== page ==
Particularly intense radiation can be achieved in situations where the soliton central frequency is stabilized by the action of a negative dispersion slope as known from Skryabin et al. (Science, Vol. 30, pp 1705-1708, 19 Sep. 2003). Here intense radiation with wavelengths in the vicinity of the stabilized solitons near the second (red shifted) zero dispersion wavelength is expected.

To obtain a spectrum that extends as far as possible into the deep blue part of the spectrum (with wavelengths<480 nm) or even into the ultraviolet regime (with wavelengths <400 nm) the Raman solitons have to proceed long enough in their self frequency shifting so as to couple energy to the wavelength through phase match. Accordingly, in one embodiment the Raman solitons proceed long enough in their self frequency shifting into the infrared to wavelengths beyond 2200 nm, such as beyond 2500 nm, such as beyond 2700 nm. This may be achieved when the launched quasi-cw pump pulse is chosen to hold a central wavelength close to the zero dispersion wavelength of the micro-structured fibre on the anomalous dispersion regime side. In this situation the modulation instability gain curve may extend far into the infrared lending gain to the terahertz repetition rate Raman soliton train that is generated from the launched quasi-cw pump pulse allowing the Raman solitons to self frequency shift into the infrared.

An objective of the invention is to provide a scheme for extending the spectrum beyond (i.e. below) 480 nm, such as below 450 nm, such as below 425 nm, such as below 400 nm. It is a further object to generate light at UV or visible wavelengths with spectral density above −10 dBm/nm (>0.1 mW/nm).

DISCLOSURE OF INVENTION

The present invention relates to a blue extended super continuum light source according to claim 1. Hereby efficient generation of radiation is achieved such that the generated spectrum extends to a low wavelength border λlow in the deep blue part of the spectrum, such as below 480 nm, and the intensity of at least part of the generated radiation I(λ) is larger than a minimum level, such as −20 dBm or −15 dBm or −10 dBm, where λlow<λ<λlow+Δλ, where Δλ is equal to 50 nm or 100 nm or 200 nm. In one embodiment the present invention relates to a extended super continuum light source according to claim 13.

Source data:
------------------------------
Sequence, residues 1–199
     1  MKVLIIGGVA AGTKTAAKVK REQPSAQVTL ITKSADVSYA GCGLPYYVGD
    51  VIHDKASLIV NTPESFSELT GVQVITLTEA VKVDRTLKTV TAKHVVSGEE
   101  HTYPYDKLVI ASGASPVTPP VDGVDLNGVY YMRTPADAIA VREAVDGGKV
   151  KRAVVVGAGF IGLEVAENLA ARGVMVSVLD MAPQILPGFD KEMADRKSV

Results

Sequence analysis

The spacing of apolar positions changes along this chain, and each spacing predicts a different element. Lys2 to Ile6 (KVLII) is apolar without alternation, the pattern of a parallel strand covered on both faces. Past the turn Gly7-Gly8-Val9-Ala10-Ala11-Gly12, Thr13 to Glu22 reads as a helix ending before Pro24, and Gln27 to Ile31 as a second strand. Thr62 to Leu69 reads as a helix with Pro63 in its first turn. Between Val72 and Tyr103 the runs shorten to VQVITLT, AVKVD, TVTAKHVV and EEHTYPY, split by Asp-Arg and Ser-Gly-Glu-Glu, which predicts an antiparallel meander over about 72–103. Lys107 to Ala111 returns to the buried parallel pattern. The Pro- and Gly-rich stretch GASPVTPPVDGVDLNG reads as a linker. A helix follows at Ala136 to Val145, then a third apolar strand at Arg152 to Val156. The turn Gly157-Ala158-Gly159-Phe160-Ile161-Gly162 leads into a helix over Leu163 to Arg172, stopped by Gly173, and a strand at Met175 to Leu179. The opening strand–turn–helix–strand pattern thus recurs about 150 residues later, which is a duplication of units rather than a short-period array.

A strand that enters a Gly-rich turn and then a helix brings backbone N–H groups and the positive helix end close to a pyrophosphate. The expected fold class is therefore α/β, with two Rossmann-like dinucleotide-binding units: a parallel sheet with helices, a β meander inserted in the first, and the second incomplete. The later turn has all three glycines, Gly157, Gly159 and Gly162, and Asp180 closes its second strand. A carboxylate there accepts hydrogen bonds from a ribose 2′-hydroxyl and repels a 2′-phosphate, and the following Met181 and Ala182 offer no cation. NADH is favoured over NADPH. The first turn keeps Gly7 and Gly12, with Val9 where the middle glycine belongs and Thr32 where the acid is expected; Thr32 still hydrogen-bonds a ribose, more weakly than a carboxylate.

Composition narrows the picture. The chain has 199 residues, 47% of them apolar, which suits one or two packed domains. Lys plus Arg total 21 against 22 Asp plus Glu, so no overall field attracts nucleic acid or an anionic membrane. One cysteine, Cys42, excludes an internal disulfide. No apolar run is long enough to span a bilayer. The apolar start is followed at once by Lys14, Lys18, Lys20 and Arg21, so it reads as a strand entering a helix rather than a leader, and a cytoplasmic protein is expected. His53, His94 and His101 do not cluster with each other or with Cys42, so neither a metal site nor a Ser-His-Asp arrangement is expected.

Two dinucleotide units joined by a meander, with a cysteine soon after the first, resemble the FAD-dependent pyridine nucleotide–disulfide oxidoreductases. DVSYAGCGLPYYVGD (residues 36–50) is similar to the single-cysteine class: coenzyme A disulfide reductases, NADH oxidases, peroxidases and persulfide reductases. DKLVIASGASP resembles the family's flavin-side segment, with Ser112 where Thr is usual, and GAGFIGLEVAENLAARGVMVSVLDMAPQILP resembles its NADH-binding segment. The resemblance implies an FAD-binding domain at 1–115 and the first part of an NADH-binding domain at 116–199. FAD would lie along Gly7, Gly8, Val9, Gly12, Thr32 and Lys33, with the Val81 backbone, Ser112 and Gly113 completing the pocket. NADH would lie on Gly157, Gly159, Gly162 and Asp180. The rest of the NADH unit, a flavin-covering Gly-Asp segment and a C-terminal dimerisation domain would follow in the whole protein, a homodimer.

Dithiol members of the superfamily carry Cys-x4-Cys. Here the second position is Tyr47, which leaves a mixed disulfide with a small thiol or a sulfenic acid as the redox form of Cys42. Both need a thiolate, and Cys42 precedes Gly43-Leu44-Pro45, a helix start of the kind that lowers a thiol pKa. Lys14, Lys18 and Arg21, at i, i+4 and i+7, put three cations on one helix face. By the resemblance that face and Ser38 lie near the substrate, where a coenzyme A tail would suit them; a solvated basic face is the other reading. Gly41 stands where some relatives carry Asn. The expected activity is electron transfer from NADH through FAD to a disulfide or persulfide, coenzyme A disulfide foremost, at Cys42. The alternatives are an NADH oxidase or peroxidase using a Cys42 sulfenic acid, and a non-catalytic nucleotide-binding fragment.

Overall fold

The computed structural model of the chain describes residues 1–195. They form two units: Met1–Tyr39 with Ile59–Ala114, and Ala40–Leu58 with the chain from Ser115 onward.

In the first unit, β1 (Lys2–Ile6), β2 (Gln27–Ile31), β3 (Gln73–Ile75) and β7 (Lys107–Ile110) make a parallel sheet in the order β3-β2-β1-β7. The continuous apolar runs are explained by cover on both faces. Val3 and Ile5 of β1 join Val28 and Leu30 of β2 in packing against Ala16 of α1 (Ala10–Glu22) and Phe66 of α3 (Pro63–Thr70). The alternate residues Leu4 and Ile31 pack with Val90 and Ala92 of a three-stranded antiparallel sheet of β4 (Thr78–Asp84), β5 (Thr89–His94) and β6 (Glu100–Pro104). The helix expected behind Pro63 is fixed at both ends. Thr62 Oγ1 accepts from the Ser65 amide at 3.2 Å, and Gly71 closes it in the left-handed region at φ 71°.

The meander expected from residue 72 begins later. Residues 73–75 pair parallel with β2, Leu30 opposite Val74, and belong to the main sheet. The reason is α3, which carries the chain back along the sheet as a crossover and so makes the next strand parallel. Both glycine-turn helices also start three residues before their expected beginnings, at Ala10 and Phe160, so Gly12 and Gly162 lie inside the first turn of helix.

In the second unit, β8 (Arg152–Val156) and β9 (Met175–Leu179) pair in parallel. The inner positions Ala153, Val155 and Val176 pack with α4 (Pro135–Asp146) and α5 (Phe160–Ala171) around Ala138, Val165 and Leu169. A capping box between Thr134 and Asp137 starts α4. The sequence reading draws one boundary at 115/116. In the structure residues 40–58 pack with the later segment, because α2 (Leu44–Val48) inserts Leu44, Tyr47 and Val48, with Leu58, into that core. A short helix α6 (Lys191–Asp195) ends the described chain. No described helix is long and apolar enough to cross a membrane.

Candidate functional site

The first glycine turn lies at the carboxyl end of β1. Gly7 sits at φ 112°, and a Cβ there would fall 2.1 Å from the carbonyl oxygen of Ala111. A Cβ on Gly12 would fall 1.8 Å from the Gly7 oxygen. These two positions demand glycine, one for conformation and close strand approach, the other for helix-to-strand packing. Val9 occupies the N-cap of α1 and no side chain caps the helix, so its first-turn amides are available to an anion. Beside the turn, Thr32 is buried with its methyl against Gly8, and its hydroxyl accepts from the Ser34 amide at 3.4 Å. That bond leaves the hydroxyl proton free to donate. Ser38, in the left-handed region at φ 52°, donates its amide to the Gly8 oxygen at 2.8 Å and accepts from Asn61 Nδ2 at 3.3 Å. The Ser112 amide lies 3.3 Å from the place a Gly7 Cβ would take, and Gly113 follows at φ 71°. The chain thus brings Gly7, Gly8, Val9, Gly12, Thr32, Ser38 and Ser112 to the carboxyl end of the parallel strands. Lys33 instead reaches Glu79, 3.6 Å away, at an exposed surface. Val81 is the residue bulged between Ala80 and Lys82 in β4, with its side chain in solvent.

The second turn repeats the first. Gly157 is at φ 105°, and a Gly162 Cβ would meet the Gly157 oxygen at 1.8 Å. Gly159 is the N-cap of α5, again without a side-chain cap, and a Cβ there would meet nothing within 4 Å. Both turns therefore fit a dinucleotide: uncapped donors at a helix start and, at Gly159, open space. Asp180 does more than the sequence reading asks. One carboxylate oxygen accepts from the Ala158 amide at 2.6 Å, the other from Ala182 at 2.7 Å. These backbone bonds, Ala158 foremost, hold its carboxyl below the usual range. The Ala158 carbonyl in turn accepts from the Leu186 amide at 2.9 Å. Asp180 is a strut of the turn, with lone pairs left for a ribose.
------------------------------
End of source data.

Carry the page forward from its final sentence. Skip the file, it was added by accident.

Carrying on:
In the context of this terahertz refers to the range 0.1·1012 Hz to 10000·1012 Hz.

In an embodiment, the optical transmission medium is adapted to have a zero dispersion wavelength λzero smaller than or equal to the pump wavelength λpump and a second order dispersion parameter β2pump), and a non-linear parameter γ(λpump), so that the modulation instability gain is extended to wavelengths exceeding a high wavelength border λhigh above 1100 nm, such above 1200 nm, such as above 1300, such as above 1400, such as above 1500, such as above 1600, such as above 1700, such as above 1800, such as above 1900 nm, such as above 2000, such as above 2100, such as above 2200, such as above 2300, such as above 2400, such as above 2500.

In one embodiment λhigh is the highest wavelength of the generated SC. In an embodiment the intensity of at least part of the generated radiation I(λ) is larger than a minimum level, such as −20 dBm or −15 dBm or −10 dBm, where λhigh−Δλ<λ<λhigh, where Δλ is equal to 50 nm or 100 nm or 200 nm.

In an embodiment, a phase match between the low wavelength border λlow and an infra red wavelength λmatchhigh is provided at the peak power. In an embodiment, the group velocity at the infra red wavelength λmatch is chosen so that it is larger than the group velocity at said low wavelength border. In an embodiment, the peak power, the second order dispersion parameter β2, the non-linear parameter γ, the pump pulse wavelength λpump, and the pump pulse duration, are chosen such that a at least a part of each of said pump pulses breaks into trains of Terahertz repetition rate pulses.

Some of the characteristics of a super continuum spectrum I(λ) according to the invention (including the above mentioned wavelengths λlow, λzero and λpump) are schematically indicated in FIG. 8, where Pblue and Pred indicate the ‘blue shifted part’ and the ‘red shifted part’ of the spectrum, respectively. The scale of the I(λ)-axis can be logarithmic (e.g. in units of dBm/nm) and the scale of the λ-axis linear (e.g. correspondingly in units of nm). An exemplary schematic dispersion curve D(λ) is shown in FIG. 8 b indicating an anomalous dispersion around the pump wavelength λpump (D(λpump)>0, e.g. +8 ps/nm/km). From FIG. 8 c and equations 1 and 9 one may realize that pumping closer to λzero may extend gMI to higher wavelengths thus allow a further redshift of the (Raman) solitons which in turn allow for a further extension of the SC for shorter wavelengths. Accordingly, in one preferred embodiment the pump is adapted to provide optical power in at least part of the range so that in one embodiment λpump relates to λzero so that 200 nm≧(λpump−λzero)≧−10 nm, such as 100 nm≧(λpump−λzero)≧−10 nm, 50 nm≧(λpump−λzero)≧−10 nm, such as 20 nm≧(λpump−λzero)≧−10 nm, such as 10 nm≧(λpump−λzero)≧−10 nm, such as 5 nm≧(λpump−λzero)≧−10 nm, such as 2 nm≧(λpump−λzero)≧−10 nm, 200 nm≧(λpump−λzero)≧0 nm such as 100 nm≧(λpump−λzero)≧0 nm, 50 nm≧(λpump−λzero)≧0 nm, such as 20 nm≧(λpump−λzero)≧0 nm, such as 10 nm≧(λpump−λzero)≧0 nm, such as 5 nm≧(λpump−λzero)≧0 nm, such as 2 nm≧(λpump−λzero)≧0 nm. These ranges have been expanded taking into consideration that experimental determination of λzero in a real fibre may relatively high degree of uncertainty.